Baby Boomers are Redefining What it Means to Be Old, Says CSUN Prof

CSUN health sciences professor Stephan Chung says Baby Boomers are redefining what it means to be old. Photo by adamkaz, iStock.

CSUN health sciences professor Stephan Chung says Baby Boomers are redefining what it means to be old. Photo by adamkaz, iStock.

Baby Boomers are redefining what it means to be old. That point became particularly clear to California State University, Northridge health sciences professor Stephan (Kyusuk) Chung last year while he was taking part in a marathon.

Chung, who has completed 13 marathons and is looking forward to his 14th run, was keeping pace with a 75-year-old woman who told him she had participated in more than 100 marathons.

Stephan Chung.

Stephan Chung.

“We were side-by-side pretty much for the first 15 miles and then, all of a sudden, she left me in the dust and disappeared ahead of me,” Chung said. “That’s where the older generation is now. They aren’t letting getting older get in the way of all the things they still want to do, and they’re leaving the rest of us behind.”

Baby Boomers are defined as individuals born between 1946 and 1964 and represent a significant demographic in the United States — more than 20 percent of the country’s population.

“As they continue to age, many Baby Boomers are actively challenging and rejecting stereotypes about aging,” Chung said.

He pointed to the fact that many Baby Boomers are choosing to work well past traditional retirement age. According to a study by the U.S. Bureau of Labor Statistics, about 40 percent of people aged 55 and older were working or actively looking for work in 2020.

“This trend, often referred to as ‘unretirement,’ contradicts the stereotype that older individuals are not productive members of the workforce,” Chung said, noting that Baby Boomers are also returning to school in significant numbers to pursue degrees, certifications, or taking classes for personal enrichment. “They value lifelong learning and want to stay mentally sharp.”

Chung, who teaches in the College of Health and Human Development, said Baby Boomers also are more health-conscious than previous generations.

“They are exercising, eating healthier and focusing on wellness to maintain an active lifestyle,” he said.

According to the Centers for Disease Control and Prevention, more than 50 percent of Baby Boomers engage in regular physical exercise, with many participating in activities such as running, hiking and cycling. The Physical Activity Council reports that Baby Boomers make up about a third of the fitness industry’s clientele.

“These Boomers not only maintain their physical health, but also often surpass younger generations in their level of physical activity,” Chung said.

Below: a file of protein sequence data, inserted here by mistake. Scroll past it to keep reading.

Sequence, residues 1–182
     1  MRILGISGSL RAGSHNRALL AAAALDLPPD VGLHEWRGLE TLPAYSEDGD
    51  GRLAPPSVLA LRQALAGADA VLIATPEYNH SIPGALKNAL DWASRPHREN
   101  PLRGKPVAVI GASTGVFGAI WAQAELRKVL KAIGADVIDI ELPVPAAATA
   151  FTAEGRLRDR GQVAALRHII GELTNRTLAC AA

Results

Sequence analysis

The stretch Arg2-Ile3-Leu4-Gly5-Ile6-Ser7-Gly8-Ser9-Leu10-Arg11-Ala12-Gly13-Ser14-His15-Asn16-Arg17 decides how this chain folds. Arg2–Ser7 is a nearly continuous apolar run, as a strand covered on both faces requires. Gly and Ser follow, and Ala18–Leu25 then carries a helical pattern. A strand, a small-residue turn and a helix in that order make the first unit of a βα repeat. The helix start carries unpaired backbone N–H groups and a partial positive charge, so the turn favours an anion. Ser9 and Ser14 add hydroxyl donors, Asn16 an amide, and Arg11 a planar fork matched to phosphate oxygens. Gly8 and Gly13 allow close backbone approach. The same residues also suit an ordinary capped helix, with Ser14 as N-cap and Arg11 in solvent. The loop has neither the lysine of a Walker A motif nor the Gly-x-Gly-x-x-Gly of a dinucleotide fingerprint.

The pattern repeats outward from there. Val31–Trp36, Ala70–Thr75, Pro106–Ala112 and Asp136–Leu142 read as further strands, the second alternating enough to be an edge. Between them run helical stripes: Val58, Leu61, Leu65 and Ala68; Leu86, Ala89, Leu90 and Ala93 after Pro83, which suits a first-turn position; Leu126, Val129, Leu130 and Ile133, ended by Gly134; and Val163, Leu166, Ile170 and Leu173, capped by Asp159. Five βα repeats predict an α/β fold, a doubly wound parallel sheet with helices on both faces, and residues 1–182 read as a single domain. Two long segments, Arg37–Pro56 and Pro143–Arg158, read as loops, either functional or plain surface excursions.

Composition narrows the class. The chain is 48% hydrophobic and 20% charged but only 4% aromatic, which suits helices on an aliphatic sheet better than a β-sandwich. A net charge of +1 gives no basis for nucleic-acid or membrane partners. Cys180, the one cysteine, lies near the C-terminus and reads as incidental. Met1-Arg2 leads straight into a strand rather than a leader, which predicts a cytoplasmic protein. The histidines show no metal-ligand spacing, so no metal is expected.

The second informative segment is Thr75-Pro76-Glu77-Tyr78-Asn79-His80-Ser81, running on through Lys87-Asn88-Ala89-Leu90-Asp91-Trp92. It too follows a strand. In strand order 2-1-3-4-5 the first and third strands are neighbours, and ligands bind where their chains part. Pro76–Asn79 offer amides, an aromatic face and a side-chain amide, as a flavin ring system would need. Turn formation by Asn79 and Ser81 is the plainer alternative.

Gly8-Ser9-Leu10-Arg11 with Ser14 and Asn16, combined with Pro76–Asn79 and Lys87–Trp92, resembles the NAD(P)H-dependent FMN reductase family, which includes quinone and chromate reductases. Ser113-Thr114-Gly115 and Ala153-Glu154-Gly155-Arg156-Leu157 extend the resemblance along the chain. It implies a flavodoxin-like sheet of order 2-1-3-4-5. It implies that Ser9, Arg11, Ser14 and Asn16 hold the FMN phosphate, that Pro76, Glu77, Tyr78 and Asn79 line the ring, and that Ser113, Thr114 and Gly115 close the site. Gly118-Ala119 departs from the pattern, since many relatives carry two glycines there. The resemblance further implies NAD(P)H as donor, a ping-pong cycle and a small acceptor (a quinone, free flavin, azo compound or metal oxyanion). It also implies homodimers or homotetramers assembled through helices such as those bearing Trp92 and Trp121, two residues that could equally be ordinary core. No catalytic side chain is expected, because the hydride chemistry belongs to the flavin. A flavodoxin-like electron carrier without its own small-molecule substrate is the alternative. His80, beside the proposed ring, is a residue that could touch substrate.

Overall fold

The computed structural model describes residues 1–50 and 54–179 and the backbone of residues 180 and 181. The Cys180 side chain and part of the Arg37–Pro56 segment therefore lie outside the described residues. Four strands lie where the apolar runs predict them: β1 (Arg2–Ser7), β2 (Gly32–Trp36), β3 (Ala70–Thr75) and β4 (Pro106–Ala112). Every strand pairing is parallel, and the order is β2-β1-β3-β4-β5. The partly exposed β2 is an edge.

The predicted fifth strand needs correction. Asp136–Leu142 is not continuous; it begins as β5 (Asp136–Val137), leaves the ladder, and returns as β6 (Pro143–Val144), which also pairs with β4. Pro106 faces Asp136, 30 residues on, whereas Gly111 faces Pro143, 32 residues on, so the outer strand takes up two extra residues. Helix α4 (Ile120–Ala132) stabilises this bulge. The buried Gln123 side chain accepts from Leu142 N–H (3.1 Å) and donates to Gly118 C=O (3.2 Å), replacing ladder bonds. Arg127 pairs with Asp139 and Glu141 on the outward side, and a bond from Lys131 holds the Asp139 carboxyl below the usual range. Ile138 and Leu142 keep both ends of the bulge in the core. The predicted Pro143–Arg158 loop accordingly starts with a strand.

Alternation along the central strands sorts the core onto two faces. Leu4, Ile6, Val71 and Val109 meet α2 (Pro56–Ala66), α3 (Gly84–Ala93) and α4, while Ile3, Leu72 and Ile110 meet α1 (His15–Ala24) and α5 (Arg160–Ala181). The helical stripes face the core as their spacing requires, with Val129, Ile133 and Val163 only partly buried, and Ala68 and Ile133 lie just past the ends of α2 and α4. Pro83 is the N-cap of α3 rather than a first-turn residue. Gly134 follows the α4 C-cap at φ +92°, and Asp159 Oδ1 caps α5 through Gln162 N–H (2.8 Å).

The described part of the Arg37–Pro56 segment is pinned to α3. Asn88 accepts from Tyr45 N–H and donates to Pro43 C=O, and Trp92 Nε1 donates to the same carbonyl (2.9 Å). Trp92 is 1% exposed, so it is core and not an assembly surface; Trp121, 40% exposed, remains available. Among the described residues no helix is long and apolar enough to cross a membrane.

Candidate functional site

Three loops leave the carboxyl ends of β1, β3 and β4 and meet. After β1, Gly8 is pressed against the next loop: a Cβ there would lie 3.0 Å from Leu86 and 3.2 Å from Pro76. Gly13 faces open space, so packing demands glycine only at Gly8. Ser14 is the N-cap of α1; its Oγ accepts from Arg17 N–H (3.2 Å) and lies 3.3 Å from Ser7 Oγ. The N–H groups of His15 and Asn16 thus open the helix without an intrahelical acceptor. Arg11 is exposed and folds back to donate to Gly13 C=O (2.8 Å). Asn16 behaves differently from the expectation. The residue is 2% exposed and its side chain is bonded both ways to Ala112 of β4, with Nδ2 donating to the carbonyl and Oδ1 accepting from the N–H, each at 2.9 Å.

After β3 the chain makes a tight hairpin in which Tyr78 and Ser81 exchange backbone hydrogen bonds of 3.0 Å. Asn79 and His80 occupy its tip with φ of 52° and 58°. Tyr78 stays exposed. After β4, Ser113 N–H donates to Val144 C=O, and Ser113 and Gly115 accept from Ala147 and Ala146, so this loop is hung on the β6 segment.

He said Baby Boomers are also dismantling the stereotype that older adults struggle with or avoid technology.

“They are adopting technology at an impressive rate,” Chung said, pointing to a 2021 Pew Research Center survey that found that 82 percent of U.S. Baby Boomers owned smartphones, 64 percent used social media and 70 percent of Baby Boomers are active internet users.

From travel to volunteering and political activism, Chung said Baby Boomers are using their post-retirement years to facilitate change, belying the stereotype that older adults are passive and disengage from society.

“Baby Boomers have been associated with significant social changes and activism throughout their lives,” he said. “Now, as they age, many continue to challenge societal norms and engage in activism, demonstrating that age is not a barrier to making a difference in the world.”

Chung said Baby Boomers are shifting societal perceptions and expectations of what it means to be “old.”

“Today’s older adults are often active, engaged, tech-savvy and eager to learn and experience new things,” he said. “They are a testament to the fact that aging does not necessarily mean slowing down or becoming less productive or relevant. Instead, they’re showing that it can be a period of activity, growth, and contribution.

“The popular saying ‘80 is the new 70 and 70 is the new 60’ encapsulates the idea that as life expectancies lengthen, and overall health and vitality improve into later years, age definitions are evolving,” Chung said. “Now, people in their 70s or 80s often exhibit the health, activity levels and quality of life formerly associated with those in their 60s or 70s. However, it’s crucial to recognize that this is a broad perspective, not applicable to every individual or community. Various factors like socio-economic status, healthcare access and lifestyle significantly influence an individual’s health and vitality as they age.

“In the case of Baby Boomers, many of them have the money and access to healthcare and lifestyle choices that allow them to redefine what it means to get older,” he said. “Hopefully, those of us who are following in their footsteps can learn from their example.”

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